Thousands of cheerleaders may have been exposed to mumps last month at a national competition in Dallas, Texas health officials said Wednesday.
They've sent letters to attendees of the National Cheerleaders Association All-Star National Championship informing them that someone who took part came down with the virus. They are not identifying the patient.
More than 23,000 athletes and 2,600 coaches participated in the competition from Feb. 23 to 25 at the Kay Bailey Hutchison Convention Center in Dallas, according the the organization's website. Many traveled from out-of-state.
Mumps, which is spread through the saliva or mucus of an infected person, causes puffy cheeks and a swollen jaw as it affects the salivary glands. It can cause fever, headache, loss of appetite, and fatigue. In some rare cases it can also cause deafness or encephalitis, swelling of the brain. Some people don't show any sign of infection.
Risk is very low
Studies have shown that vaccinating people during a mumps outbreak can help control it. There is no treatment for mumps once someone gets it, but most people recover completely in a few weeks.
“For the vast majority of people, the risk is very, very low,” said Chris Van Deusen, a spokesman for the Texas Department of State Health Services, while also noting that there have been no reports of people developing symptoms in connection with the case.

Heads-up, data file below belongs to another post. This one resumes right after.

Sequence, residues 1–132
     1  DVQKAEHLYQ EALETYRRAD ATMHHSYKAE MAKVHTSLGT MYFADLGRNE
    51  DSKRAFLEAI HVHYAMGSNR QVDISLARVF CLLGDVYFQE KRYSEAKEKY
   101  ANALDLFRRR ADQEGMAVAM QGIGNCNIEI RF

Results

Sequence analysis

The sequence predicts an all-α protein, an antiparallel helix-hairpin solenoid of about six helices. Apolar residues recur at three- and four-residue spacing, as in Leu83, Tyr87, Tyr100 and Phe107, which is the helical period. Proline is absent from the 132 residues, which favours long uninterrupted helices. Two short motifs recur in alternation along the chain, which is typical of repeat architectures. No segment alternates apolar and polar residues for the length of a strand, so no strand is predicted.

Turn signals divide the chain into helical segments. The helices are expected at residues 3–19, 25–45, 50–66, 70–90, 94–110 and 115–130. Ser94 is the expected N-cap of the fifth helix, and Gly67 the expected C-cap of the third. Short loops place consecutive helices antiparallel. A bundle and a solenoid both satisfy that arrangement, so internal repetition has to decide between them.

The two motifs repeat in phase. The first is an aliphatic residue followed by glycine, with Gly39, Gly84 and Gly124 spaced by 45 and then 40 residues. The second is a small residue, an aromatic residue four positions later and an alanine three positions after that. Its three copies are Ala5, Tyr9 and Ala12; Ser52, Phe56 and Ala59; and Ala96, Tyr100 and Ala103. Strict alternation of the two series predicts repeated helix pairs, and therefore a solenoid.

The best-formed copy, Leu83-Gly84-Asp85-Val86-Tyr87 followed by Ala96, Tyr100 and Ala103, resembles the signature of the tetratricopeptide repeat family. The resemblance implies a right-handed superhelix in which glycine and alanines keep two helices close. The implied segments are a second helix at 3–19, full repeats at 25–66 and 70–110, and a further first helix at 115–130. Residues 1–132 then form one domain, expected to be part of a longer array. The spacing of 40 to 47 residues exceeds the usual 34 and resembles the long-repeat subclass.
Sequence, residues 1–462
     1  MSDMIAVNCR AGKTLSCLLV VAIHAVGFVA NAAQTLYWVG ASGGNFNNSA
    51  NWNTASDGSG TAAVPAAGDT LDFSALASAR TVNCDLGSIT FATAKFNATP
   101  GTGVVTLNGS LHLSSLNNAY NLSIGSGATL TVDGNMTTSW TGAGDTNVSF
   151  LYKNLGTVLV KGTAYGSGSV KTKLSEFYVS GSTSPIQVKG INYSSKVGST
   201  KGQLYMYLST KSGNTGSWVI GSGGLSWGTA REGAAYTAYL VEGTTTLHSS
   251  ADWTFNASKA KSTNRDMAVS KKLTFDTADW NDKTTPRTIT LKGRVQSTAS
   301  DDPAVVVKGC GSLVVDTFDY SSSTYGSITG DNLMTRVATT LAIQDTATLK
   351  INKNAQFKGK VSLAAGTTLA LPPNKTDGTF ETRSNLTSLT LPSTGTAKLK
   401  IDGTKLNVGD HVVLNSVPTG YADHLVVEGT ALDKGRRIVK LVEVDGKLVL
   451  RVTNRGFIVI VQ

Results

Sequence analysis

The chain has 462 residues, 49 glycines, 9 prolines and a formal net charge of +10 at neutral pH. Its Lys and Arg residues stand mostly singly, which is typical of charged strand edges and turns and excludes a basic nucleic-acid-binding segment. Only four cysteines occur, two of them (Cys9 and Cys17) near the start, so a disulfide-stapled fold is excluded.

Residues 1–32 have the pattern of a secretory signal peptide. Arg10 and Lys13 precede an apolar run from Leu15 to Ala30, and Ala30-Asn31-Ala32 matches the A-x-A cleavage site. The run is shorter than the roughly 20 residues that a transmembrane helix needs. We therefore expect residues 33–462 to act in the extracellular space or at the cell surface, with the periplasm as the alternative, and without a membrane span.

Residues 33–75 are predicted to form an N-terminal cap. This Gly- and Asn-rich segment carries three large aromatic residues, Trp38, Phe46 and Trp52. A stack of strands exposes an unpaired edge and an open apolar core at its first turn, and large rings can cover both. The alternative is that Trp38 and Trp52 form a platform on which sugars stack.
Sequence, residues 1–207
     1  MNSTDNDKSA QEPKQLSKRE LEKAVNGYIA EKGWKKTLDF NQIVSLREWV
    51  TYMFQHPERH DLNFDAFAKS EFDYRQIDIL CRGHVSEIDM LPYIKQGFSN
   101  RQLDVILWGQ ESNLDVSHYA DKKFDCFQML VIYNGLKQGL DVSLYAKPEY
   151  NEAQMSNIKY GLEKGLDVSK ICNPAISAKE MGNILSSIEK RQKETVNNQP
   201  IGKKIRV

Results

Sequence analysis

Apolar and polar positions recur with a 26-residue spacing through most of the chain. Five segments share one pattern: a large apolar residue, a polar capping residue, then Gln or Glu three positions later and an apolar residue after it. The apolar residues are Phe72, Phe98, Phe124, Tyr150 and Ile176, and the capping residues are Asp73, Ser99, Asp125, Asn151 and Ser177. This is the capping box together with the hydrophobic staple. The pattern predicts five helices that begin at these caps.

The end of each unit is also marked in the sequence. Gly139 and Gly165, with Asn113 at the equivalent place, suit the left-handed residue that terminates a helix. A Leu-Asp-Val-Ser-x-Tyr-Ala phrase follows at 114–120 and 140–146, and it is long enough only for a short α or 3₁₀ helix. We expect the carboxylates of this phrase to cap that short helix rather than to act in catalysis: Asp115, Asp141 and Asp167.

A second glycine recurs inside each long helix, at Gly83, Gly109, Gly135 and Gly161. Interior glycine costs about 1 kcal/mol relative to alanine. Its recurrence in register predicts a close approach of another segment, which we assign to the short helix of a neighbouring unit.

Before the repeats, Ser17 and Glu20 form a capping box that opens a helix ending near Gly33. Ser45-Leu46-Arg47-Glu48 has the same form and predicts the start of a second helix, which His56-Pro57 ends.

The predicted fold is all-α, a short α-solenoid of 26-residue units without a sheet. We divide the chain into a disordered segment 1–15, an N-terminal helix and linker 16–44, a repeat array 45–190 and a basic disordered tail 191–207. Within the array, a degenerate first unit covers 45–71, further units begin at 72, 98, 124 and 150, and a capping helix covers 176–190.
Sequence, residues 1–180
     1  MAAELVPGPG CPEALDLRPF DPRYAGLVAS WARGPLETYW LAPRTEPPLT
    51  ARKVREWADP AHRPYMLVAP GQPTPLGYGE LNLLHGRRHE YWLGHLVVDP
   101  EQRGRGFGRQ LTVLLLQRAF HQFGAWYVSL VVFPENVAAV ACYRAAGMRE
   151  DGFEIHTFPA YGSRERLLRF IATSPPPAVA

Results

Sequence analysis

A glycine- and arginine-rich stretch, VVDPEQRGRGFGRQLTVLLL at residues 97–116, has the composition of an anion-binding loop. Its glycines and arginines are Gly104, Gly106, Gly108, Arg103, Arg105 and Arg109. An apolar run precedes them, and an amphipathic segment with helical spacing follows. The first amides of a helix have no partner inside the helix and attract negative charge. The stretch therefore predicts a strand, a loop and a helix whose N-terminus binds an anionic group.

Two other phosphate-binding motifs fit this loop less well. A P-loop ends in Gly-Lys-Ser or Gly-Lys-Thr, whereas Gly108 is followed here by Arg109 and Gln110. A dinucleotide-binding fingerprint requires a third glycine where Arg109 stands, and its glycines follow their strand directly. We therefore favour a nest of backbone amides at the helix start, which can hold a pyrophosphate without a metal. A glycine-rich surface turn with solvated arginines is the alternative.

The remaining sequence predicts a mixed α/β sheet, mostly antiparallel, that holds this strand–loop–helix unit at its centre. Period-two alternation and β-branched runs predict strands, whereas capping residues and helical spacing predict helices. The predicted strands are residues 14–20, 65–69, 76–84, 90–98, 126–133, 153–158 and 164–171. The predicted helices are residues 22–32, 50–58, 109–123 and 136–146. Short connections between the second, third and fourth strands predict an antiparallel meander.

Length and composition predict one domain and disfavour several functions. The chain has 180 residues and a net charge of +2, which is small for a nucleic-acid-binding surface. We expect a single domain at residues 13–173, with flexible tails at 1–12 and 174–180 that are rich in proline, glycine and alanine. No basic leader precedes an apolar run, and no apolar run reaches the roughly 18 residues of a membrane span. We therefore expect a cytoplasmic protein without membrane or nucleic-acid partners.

“Just to be on the safe side we want people to be on the lookout for symptoms. We want folks to be aware of it and looking out for those telltale mumps symptoms.”
The next few days will be very telling.
“The incubation period for mumps can last from two weeks to a month, so the cheerleaders in Dallas should watch for symptoms of fever, muscle aches and swollen glands,” said NBC News correspondent Dr. John Torres. “Because the virus is spread via our saliva it’s important not to share utensils or cups with anyone suspected of having the mumps.”
“For the vast majority of people, the risk is very, very low.”
Cheerleaders from the competition who have received two doses of the mumps vaccine are encouraged to contact their doctors to get an additional booster dose of the MMR vaccine to increasing waning immunity.
“If you, your child, or any other individuals linked to this event experience or have experienced mumps symptoms, please contact your healthcare provider and inform them of your exposure to mumps,” Antonio Aragon, a state health official, wrote in the letter.
Mumps has been on the rise with unrelated outbreaks around North Texas and Hawaii in the past few months, which officials said was the worst seen in years but is beginning to subside.
Most people who are vaccinated with the measles-mumps-rubella (MMR) vaccine are protected against the virus — one dose is 78 percent effective and two doses is 88 percent effective.
Because efficacy can wane over time, there are frequent outbreaks of mumps in the U.S.
So far this year, there have been 130 reported cases from January 1 to January 27 across 25 states and in 2017, more than 5,600 people got mumps, according to the Centers for Disease Control and Prevention. In 2016, 6,366 cases were reported — the worst year for mumps in the U.S. since the MMR vaccine program was introduced in 1977.